The holder of a claim against the estate of a deceased person can bring an action therefor against the executors only after it has been first presented to such executors. (Code Civ. Proc., sec. 1500.) If his claim is rejected, either by them or by the judge of the superior court, he must bring a suit for the purpose of establishing its validity against the estate. In such action he can recover only upon the claim which has been so presented and rejected, and is not entitled in that action to recover against the executors for any other cause of action. As the plaintiff alleged in his complaint that the claim which he presented to the defendants was "for the services so as aforesaid rendered and performed by him," and the court so finds, we must assume that its findings were based upon evidence solely in support of the services named in the claim which was presented.
We are of the opinion, however, that the evidence is insufficient to sustain these findings of the court. In order to sustain his claim it was necessary for the plaintiff to show that he had rendered services for the deceased within two years prior to his death; that these services had been rendered at the special instance of the deceased; that they were of the value of fifteen thousand dollars, or that they were rendered under an agreement, either express or implied, that he should be paid fifteen thousand dollars for them. It may be that the failure to make greater proof results, as suggested by plaintiff's counsel, from the statutory inability of the plaintiff to testify in his own behalf, but this does not relieve him from the necessity of producing sufficient evidence to establish his cause of action. His incompetency to testify may be his misfortune, but the defendants' obligation is not thereby varied, and they are entitled to demand such proof before they can be called upon to pay to the plaintiff the money which is in their hands as trustees for the beneficiaries of their testator.
The record fails to show that the plaintiff at any time within two years prior to the death of Donahue rendered any services to him, or for his benefit.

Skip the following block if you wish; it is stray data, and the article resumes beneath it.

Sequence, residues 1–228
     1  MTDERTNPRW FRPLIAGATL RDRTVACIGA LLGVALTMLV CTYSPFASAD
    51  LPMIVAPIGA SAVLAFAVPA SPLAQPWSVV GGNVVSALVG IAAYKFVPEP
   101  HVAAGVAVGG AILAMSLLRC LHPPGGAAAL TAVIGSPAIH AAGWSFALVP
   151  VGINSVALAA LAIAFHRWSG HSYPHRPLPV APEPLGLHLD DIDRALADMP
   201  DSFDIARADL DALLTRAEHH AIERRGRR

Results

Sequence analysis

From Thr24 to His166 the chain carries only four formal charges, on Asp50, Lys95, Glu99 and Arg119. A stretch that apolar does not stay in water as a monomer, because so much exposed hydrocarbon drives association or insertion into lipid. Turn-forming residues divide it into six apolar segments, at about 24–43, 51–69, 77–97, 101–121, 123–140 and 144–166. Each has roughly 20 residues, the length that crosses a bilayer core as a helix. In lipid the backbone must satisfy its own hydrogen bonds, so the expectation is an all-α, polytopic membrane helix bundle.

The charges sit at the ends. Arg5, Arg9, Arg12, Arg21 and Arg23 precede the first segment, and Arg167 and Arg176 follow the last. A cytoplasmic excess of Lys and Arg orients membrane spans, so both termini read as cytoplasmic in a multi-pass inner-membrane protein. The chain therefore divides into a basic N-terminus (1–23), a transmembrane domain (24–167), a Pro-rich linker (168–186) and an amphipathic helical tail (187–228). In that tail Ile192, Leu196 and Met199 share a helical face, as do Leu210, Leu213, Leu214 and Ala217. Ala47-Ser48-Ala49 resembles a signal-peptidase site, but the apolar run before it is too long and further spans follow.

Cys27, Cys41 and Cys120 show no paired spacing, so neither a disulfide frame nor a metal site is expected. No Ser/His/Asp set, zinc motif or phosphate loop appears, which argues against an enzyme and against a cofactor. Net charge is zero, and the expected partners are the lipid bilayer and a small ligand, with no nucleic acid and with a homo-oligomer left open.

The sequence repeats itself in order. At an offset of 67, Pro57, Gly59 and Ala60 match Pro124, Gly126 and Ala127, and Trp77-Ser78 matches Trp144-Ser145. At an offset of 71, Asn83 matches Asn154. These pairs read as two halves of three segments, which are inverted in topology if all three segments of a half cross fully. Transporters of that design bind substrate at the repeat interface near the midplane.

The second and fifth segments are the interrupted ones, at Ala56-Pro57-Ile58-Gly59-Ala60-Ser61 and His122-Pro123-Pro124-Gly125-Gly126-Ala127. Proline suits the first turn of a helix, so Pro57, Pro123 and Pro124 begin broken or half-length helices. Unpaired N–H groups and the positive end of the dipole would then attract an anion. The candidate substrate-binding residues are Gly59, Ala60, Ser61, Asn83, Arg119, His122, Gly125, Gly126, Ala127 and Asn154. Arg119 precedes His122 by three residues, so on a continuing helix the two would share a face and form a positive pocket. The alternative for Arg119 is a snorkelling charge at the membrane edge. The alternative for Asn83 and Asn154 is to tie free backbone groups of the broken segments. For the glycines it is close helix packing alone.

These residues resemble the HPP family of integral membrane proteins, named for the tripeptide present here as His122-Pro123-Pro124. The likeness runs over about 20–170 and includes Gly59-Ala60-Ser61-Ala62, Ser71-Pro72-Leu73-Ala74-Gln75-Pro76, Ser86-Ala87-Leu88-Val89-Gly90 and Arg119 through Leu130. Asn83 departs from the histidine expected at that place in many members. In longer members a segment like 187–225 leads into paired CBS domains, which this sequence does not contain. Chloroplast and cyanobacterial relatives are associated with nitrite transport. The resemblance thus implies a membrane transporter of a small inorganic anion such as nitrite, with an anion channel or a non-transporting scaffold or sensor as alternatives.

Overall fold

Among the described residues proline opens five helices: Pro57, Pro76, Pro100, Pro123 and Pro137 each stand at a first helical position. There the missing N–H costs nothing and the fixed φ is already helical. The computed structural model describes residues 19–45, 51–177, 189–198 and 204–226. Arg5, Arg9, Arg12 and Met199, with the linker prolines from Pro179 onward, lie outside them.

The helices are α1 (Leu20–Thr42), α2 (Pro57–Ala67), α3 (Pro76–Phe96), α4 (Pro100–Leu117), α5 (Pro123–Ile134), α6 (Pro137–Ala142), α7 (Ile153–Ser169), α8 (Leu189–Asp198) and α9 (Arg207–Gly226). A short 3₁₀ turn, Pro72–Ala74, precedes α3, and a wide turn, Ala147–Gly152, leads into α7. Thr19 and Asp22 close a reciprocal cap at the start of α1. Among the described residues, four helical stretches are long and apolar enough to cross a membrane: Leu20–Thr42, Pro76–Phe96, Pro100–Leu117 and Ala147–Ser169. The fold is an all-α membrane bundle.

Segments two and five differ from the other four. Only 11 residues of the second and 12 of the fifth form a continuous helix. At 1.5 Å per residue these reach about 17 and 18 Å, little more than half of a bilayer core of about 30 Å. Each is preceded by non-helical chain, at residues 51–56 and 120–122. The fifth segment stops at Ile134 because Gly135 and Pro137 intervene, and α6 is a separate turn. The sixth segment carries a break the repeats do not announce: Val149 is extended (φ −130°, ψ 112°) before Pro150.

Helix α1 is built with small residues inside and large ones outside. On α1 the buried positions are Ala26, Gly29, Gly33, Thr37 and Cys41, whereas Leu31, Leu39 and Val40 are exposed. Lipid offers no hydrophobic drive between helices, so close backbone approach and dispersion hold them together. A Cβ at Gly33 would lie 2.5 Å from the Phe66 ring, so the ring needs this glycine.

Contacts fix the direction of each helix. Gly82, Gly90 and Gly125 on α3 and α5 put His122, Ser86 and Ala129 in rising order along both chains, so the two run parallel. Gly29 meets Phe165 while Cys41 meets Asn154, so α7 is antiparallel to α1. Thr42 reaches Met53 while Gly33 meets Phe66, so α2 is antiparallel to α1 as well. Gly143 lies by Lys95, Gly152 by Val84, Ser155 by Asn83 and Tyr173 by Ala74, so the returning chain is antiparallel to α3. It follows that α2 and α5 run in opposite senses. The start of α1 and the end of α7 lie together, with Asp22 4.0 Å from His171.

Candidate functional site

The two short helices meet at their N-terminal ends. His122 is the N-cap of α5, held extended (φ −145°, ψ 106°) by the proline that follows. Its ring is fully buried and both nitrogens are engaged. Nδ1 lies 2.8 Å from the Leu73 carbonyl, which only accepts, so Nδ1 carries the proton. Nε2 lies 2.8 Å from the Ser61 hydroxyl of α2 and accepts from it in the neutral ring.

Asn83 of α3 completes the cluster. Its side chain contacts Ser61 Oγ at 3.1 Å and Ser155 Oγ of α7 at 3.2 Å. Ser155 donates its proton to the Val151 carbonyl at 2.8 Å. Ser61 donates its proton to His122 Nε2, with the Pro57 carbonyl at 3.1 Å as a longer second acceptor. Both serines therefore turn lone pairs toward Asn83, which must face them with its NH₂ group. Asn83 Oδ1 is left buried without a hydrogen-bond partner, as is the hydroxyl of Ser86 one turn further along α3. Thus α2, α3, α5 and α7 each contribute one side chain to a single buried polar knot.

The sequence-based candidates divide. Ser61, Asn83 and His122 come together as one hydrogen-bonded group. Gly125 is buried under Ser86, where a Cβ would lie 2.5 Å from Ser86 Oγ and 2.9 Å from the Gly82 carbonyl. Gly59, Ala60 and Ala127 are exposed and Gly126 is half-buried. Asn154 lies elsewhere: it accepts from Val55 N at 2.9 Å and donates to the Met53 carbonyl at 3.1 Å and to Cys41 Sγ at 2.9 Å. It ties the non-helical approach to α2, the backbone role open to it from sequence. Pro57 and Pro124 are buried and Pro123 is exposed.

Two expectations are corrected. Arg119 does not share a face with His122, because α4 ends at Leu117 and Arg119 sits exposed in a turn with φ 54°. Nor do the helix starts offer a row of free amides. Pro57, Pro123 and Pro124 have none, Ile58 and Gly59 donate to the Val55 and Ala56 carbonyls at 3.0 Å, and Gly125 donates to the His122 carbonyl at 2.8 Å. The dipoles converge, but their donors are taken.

The evidence tending to show any request for services from the plaintiff to Donahue is very meager, and fails to establish any agreement between them for services to be rendered.
It is not claimed that there was any agreement by Donahue for the amount of compensation to the plaintiff, and the value of the services rendered by him was sought to be shown by certain admissions of Donahue. These admissions consisted of statements by [38 P. 543] him that in a settlement with Von Shroeder he had allowed Von Shroeder fifteen thousand dollars to be paid by him to the plaintiff for the services which he had rendered in his efforts to secure the money in Europe; and that Donahue had also said that if Von Shroeder did not pay the commission, he would himself pay it. This evidence is, however, insufficient to establish the value of any services rendered for Donahue. Von Shroeder and Donahue were both interested in the sale of the road, and the plaintiff had gone to New York with Von Shroeder, and at his request had gone from there to Europe. Donahue had himself effected the sale in New York for the benefit of both Von Shroeder and himself, and his statement that in a settlement with Von Shroeder he had allowed that sum of money to be paid to the plaintiff fails to establish that that was the value of any services rendered by the plaintiff to Donahue. If the plaintiff had not rendered any services to Donahue, Donahue's admission of their value would not be binding upon him or upon his executors. If he had rendered services for Von Shroeder and Donahue at the instance of Von Shroeder, the foregoing statements of Donahue would not establish the value of any services rendered for Donahue individually; and, if the obligation to pay the plaintiff was that of Von Shroeder, Donahue's verbal agreement to pay it would be invalid.
The judgment and order are reversed.